Federal and state laws, as well as insurers’ coverage policies, shape the extent to which women can have coverage for abortion services under both publicly funded programs and private plans. Women who seek an abortion, but do not have coverage for the service, shoulder the out-of-pocket costs of the services.
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Abortion Coverage in the ACA Marketplace Plans: The Impact of Proposed Rules for Consumers, Insurers and Regulators

On November 7, 2018, a day after the 2018 midterm elections, the Trump Administration issued a proposed regulation to address “Exchange Program Integrity.” A major element of this proposed rule would affect insurers, consumers, and state insurance regulators in the states that either allow or require abortion coverage. The Affordable Care Act (ACA) allows states to ban plans from offering abortion as a benefit on their Qualified Health Plans (QHPs) and requires plans that cover abortion to segregate policyholder payments for abortion coverage from all other premium charges. This brief provides an overview of current ACA-related abortion coverage policies and analyzes the potential impact of the proposed changes.

Intersection of State Abortion Policy and Clinical Practice, 2019

While abortion services are regulated by the same laws and policies that govern other medical services, many states have enacted abortion-specific regulations that can limit women’s access to abortion services and jeopardize the quality of care.

The Hyde Amendment and Coverage for Abortion Services

This brief details the federal programs affected by the Hyde Amendment, provides estimates on the share of women insured by Medicaid affected by the law, reviews the impact of the law on their access to abortion services, and discusses the potential effect if the law were to be repealed.

Statutory Requirements & Policies Governing U.S. Global Family Planning and Reproductive Health Efforts

This issue brief provides a summary of the major policies and statutory requirements governing U.S. participation in international family planning and reproductive health efforts. These laws and policies collectively direct how funds are spent, which organizations receive funds and generally shape U.S. family planning and reproductive health activities around the world.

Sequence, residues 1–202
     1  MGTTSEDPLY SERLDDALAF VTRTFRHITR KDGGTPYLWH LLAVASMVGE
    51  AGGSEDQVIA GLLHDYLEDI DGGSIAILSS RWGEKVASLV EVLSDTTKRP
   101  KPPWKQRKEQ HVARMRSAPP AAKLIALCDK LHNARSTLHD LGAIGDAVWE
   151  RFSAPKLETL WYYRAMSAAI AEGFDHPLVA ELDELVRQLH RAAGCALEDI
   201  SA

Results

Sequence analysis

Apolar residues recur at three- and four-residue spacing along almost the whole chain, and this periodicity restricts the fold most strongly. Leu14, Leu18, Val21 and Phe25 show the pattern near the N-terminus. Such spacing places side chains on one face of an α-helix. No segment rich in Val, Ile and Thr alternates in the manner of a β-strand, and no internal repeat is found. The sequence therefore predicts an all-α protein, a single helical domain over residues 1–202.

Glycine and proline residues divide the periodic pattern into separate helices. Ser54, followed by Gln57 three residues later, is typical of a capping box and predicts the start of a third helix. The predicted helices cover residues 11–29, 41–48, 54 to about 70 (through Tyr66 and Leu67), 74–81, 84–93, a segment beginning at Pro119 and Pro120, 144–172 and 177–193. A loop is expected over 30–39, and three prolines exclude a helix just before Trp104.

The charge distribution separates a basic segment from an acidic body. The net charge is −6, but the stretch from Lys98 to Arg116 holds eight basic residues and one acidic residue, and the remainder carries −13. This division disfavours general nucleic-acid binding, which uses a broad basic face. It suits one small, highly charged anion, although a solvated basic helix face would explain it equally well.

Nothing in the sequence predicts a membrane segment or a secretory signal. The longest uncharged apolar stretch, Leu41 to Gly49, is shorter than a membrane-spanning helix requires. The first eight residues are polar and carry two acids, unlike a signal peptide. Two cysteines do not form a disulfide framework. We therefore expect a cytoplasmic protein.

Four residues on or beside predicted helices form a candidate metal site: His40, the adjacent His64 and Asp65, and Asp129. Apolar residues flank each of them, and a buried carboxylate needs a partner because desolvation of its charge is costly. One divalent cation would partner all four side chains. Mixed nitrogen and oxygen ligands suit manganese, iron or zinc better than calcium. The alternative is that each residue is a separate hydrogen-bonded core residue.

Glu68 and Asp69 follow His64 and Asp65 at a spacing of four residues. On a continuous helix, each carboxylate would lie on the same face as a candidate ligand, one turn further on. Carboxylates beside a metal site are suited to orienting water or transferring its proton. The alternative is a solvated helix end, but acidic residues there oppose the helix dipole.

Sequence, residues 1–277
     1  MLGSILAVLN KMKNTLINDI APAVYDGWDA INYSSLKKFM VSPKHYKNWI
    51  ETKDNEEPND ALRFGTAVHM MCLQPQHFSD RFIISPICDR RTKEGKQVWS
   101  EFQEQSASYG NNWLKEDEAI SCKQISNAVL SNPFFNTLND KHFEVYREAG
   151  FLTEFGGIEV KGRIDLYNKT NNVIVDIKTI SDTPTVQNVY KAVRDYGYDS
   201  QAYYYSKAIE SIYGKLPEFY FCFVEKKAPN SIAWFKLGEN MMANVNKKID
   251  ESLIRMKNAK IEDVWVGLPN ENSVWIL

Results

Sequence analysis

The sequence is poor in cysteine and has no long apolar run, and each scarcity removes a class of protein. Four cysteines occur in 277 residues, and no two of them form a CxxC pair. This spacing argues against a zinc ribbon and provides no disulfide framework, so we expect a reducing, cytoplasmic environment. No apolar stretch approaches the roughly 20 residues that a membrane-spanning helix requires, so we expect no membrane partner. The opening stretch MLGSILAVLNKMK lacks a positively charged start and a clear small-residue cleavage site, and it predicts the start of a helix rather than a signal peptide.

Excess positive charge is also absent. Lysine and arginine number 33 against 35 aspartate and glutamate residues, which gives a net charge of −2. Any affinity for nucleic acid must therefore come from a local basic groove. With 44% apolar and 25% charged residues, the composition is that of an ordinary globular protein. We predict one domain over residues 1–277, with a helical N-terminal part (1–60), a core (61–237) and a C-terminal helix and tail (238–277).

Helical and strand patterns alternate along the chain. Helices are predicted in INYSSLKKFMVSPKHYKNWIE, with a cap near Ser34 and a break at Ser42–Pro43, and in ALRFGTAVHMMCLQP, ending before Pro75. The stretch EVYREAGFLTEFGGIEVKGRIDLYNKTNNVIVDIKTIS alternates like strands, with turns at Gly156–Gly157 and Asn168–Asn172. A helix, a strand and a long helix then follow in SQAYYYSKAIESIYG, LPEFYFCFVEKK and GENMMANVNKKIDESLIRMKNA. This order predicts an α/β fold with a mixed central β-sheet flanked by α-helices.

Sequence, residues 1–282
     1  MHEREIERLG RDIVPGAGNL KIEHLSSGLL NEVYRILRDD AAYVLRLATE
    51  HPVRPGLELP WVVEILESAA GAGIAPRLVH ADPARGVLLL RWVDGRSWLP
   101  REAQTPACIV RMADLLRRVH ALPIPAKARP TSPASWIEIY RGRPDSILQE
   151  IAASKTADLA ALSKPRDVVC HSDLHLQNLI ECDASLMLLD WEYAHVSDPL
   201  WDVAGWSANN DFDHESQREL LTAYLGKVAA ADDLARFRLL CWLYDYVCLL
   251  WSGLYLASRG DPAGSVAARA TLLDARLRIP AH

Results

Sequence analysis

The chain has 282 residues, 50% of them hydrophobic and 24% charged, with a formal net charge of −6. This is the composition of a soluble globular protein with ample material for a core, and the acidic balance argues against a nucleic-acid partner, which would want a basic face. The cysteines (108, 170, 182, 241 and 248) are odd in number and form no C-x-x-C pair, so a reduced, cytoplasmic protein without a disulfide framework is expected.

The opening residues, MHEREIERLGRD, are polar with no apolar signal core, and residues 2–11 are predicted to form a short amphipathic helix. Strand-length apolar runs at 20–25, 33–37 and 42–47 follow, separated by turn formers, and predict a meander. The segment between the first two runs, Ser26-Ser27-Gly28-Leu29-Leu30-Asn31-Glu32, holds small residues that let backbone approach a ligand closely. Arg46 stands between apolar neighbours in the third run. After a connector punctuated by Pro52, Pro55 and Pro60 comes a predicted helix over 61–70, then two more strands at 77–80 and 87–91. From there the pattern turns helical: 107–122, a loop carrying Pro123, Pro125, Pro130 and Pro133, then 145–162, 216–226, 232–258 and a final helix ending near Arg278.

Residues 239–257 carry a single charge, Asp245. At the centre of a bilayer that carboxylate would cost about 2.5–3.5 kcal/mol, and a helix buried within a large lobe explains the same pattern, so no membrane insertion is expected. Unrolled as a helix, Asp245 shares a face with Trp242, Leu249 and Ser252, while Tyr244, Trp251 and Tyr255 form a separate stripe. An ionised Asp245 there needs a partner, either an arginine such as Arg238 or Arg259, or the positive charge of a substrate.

Kaiser Health Tracking Poll — May 2012

The May Health Tracking Poll focuses on the public’s perceptions and reactions to women’s reproductive health reemerging as a heated issue in policy debates and news and its potential impact on the upcoming presidential election. Three in ten women (31 percent) overall believe that there is currently a “wide-scale effort…

State Profiles for Women’s Health

This interactive tool provides state profiles on women’s health and access to care. Browse the map and click on a state to view a women’s health data dashboard in each of the four categories: demographics, health insurance coverage and access, sexual health, and pregnancy.

Kaiser Health Tracking Poll: March 2016

The March Kaiser Health Tracking Poll finds that health care is one of many issues that will be important to voters in the Presidential election, trailing concerns about the economy and jobs but leading concerns about immigration. Health care ranks higher for Democratic voters than for Republican and independent voters and is a higher priority for women than for men. Health care costs remain on the forefront of the minds of both the uninsured and voters, with nearly half of uninsured Americans saying that cost is the main reason they haven’t gotten health insurance and voters mentioning cost when asked what specifically about health care will affect their presidential vote. In light of the two women’s health cases before the Supreme Court, this month’s survey examines how the public, and women specifically, feel about the state of women’s reproductive health policy. About one-third of Americans say ‘there is a wide-scale effort to limit women’s reproductive health choices and services, such as abortion, family planning, and contraception’ and a majority of Democratic voters name Hillary Clinton as the candidate for president they trust to represent their view of women’s reproductive health choices and services, while Republican voters don’t coalesce around any one candidate.